The Agitators: Three Friends Who Fought for Abolition and Women's Rights (Hardcover)
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From the intimate perspective of three friends and neighbors in mid-nineteenth century Auburn, New York—the “agitators” of the title—acclaimed author Dorothy Wickenden tells the fascinating and crucially American stories of abolition, the Underground Railroad, the early women’s rights movement, and the Civil War.
Harriet Tubman—no-nonsense, funny, uncannily prescient, and strategically brilliant—was one of the most important conductors on the underground railroad and hid the enslaved men, women and children she rescued in the basement kitchens of Martha Wright, Quaker mother of seven, and Frances Seward, wife of Governor, then Senator, then Secretary of State William H. Seward.
Harriet worked for the Union Army in South Carolina as a nurse and spy, and took part in a river raid in which 750 enslaved people were freed from rice plantations. Martha, a “dangerous woman” in the eyes of her neighbors and a harsh critic of Lincoln’s policy on slavery, organized women’s rights and abolitionist conventions with Susan B. Anthony and Elizabeth Cady Stanton. Frances gave freedom seekers money and referrals and aided in their education. The most conventional of the three friends, she hid her radicalism in public; behind the scenes, she argued strenuously with her husband about the urgency of immediate abolition.
Many of the most prominent figures in the history books—Lincoln, Seward, Daniel Webster, Frederick Douglass, Charles Sumner, John Brown, Harriet Beecher Stowe, William Lloyd Garrison—are seen through the discerning eyes of the protagonists. So are the most explosive political debates: about women’s roles and rights during the abolition crusade, emancipation, and the arming of Black troops; and about the true meaning of the Declaration of Independence and the Constitution.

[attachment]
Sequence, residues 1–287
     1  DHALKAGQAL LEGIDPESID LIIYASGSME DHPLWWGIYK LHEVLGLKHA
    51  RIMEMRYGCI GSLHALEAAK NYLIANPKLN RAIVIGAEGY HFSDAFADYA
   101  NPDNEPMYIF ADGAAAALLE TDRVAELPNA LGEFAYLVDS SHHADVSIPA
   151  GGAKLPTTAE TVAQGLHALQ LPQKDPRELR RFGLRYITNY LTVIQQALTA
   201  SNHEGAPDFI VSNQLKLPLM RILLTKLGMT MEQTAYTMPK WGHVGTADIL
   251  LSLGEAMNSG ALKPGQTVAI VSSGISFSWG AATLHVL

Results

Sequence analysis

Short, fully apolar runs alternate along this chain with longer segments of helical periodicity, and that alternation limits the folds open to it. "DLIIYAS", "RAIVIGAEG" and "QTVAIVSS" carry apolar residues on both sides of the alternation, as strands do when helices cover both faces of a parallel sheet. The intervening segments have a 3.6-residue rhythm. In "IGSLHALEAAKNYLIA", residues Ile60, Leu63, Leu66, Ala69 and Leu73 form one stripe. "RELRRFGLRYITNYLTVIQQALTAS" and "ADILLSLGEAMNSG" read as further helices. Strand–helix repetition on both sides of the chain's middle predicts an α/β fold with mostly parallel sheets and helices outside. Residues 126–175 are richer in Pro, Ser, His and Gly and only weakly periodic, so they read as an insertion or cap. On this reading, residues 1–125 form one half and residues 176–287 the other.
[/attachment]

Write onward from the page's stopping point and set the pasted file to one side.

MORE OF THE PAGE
Beginning two decades before the Civil War, when Harriet Tubman was still enslaved and Martha and Frances were young women bound by law and tradition, The Agitators ends two decades after the war, in a radically changed United States. Wickenden brings this extraordinary period of our history to life through the richly detailed letters her characters wrote several times a week. Like Doris Kearns Goodwin’s Team of Rivals and David McCullough’s John Adams, Wickenden’s The Agitators is revelatory, riveting, and profoundly relevant to our own time.
About the Author
Dorothy Wickenden is the author of Nothing Daunted and The Agitators, and has been the executive editor of The New Yorker since January 1996. She also writes for the magazine and is the moderator of its weekly podcast The Political Scene. A former Nieman Fellow at Harvard, Wickenden was national affairs editor at Newsweek from 1993-1995, and before that was the longtime executive editor at The New Republic. She lives with her husband in Westchester, New York.
Praise for The Agitators
"An epic and intimate history. . . . Wickenden's commitment to keeping her trio in the frame and in focus showcases prodigious narrative control. The Agitators is a masterpiece, not least, of structure. . . . . Entwining these three asymmetrical lives as deftly as Wickenden does proves illuminating."
—Jane Kamensky, New York Times Book Review